Another trait they obtained throughout their education is the need to always question everything, and never take things at face value. This allowed them to not just base their decisions on what they know, but on what would work best in that particular circumstance.
Before COVID-19 actually started dominating every aspect of our lives, 2020 was designated by the World Health Organisation as International Year of the Nurse and Midwife. Deborah said that in a way, this brought out the role of nurses in ensuring a higher level of care, and the need of achieving more autonomy for the profession.
Malta is doing well….but success can be dangerous, Noel exclaimed. “Just because no or only a few new cases are confirmed on one particular day, some think it’s okay to just grab their car keys and drive off to the beach. It’s incredibly unfair on those who are more vulnerable”, he says, without even mentioning how unfair it also is on them.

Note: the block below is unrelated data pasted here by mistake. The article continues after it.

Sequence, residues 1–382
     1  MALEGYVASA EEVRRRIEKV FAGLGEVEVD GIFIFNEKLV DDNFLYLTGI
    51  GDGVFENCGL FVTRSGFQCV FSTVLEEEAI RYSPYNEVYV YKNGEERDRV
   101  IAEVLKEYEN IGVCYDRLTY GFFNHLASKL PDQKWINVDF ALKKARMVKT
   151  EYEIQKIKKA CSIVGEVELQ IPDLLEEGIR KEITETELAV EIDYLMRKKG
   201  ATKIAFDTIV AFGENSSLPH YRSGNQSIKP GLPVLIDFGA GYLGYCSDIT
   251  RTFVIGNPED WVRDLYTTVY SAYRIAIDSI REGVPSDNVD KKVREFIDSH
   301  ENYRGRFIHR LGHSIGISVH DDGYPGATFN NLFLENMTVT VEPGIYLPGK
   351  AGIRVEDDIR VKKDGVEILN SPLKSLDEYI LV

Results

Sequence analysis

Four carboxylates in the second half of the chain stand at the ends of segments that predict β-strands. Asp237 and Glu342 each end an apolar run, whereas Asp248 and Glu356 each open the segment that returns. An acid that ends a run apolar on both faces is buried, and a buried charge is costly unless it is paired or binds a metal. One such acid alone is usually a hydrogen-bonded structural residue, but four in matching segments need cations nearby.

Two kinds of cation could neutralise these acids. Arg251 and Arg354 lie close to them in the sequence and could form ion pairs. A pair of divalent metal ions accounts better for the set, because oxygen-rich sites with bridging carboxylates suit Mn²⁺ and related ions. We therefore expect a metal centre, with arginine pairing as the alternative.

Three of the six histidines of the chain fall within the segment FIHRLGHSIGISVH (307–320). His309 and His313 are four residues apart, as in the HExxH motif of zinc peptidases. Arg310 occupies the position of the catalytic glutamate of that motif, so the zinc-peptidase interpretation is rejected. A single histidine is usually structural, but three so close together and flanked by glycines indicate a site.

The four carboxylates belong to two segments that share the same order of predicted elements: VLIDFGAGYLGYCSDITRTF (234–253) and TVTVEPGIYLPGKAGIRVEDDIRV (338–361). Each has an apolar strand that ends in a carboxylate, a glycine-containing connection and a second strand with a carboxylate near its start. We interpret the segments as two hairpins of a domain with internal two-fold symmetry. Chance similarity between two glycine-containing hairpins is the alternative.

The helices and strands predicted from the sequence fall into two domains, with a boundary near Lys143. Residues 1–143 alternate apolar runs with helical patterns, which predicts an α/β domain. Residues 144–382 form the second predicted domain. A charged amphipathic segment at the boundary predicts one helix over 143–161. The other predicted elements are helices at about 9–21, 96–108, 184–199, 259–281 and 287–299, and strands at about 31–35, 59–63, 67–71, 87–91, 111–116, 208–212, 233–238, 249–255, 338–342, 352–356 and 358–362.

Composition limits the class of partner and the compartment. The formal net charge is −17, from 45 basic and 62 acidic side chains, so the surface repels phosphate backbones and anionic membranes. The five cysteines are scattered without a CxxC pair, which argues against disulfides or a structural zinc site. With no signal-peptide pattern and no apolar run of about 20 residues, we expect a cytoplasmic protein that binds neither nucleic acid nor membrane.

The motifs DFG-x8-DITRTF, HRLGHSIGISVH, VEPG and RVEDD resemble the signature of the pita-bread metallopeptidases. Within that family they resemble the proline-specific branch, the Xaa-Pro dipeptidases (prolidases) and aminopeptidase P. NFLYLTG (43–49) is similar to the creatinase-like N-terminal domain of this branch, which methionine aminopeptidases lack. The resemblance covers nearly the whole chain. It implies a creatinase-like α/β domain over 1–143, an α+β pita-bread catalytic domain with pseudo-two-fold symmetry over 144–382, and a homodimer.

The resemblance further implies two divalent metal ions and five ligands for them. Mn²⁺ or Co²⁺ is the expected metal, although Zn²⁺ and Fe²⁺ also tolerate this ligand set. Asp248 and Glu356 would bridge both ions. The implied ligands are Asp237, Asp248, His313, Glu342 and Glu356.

This is not the time to sit back and relax. Social distancing should definitely stay, the nurses concluded, “and we promise to keep up our commitment towards patient and staff safety”.
Applications for programmes in nurse education at the UM are now open online.
The Department of Nursing offers a full-time and a part-time degree in nursing. A new programme, the Preparatory Course for the Bachelor of Science (Honours) in Nursing will also open in October 2020. Nurse education programmes for nurses from overseas are also offered through the Foundation Programme in Nursing and the Certificate for Graduates of Non-EU nurses.
Queries regarding the programme may be posted via email: email@example.com.